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Marines evacuate US Embassy personnel from South Sudan

Robert L. Fisher Iii / AFP - Getty Images

This picture provided by the US Marines shows Marines and sailors with Special-Purpose Marine Air-Ground Task Force Crisis Response evacuate personnel from the US Embassy in Juba, South Sudan, on Friday.

Marines used a KC-130 cargo plane to evacuate about 20 Americans from the U.S. Embassy in Juba, South Sudan, on Friday in a move to protect personnel from the deteriorating security situation.

The Pentagon said two KC-130s made the trip, but only one landed. One aircraft hovered overhead as a back-up, in case they needed additional room or the first aircraft encountered any problems.

The KC-130s flew from Entebbe, Uganda, picked up the Americas and returned to Entebbe.

South Sudan, the world’s youngest country, has been racked by three weeks of intense violence that has raised the specter of a civil war. The fighting has killed more than 1,000 people and driven 180,000 from their homes, according to the United Nations. 

Fighting broke out in Juba, the capital of South Sudan, on Dec. 15 and quickly spread across the country as two main ethnic groups began attacking each other. President Salva Kiir, known for his signature cowboy hats, says the violence was sparked by a coup attempt by rebels loyal to ousted Vice President Riek Machar.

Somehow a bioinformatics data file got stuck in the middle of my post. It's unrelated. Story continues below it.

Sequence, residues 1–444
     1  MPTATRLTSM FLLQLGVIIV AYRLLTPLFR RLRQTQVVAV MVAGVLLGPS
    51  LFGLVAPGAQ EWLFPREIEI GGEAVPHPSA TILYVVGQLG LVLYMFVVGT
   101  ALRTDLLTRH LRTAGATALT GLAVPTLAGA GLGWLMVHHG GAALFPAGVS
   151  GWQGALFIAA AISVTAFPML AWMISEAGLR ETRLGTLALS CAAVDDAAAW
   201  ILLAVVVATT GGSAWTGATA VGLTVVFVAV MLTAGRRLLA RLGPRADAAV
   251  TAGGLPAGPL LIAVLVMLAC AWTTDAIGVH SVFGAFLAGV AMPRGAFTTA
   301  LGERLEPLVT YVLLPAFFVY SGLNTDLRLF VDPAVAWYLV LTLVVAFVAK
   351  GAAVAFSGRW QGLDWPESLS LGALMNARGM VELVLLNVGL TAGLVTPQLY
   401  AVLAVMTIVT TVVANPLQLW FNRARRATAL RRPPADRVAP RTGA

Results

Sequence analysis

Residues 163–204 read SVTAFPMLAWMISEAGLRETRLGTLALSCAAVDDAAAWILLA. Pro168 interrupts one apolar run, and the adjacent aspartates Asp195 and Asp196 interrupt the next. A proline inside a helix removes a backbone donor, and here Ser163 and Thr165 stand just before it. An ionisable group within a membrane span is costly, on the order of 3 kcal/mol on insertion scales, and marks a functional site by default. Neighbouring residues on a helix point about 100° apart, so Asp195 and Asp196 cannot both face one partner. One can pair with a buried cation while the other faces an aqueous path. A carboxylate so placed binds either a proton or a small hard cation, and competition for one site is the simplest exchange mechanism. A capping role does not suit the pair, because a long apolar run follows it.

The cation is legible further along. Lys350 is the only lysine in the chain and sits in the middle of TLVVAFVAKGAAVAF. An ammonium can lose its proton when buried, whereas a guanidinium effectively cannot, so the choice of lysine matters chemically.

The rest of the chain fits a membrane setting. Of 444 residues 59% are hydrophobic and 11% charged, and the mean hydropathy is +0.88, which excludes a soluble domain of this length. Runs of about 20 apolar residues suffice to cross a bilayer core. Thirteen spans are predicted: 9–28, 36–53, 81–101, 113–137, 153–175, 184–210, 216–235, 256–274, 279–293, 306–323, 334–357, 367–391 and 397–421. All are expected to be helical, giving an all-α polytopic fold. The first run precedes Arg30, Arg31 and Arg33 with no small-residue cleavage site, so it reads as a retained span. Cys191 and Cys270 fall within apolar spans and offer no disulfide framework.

Others dispute that account, saying the violence started when presidential guards from Kiir's Dinka ethnic group tried to disarm those from the Nuer group of Machar.  

South Sudan has been plagued by ethnic tension and a power struggle within the ruling party that escalated after Kiir dismissed Machar as his vice president in July. The rebels back Machar, who is now a fugitive sought by the military.

The United States has been withdrawing non-essential embassy staff since mid-December.

It also urged all American citizens to leave South Sudan – a country slightly smaller than Texas which is said to hold the third largest oil reserves in sub-Saharan Africa – but which is also desperately poor and short of infrastructure.

The U.S. aircraft that landed Friday included a squad-sized element of Marines who were tasked with providing security on the ground. 

The U.S. still has about 45 military personnel (about the size of a platoon) stationed in Juba, as part of the East Africa Response Force (EARF). They are tasked with providing security reinforcement to the U.S. Embassy there.

NBC News’ Petra Cahill, the Associated Press and Reuters contributed to this report. 

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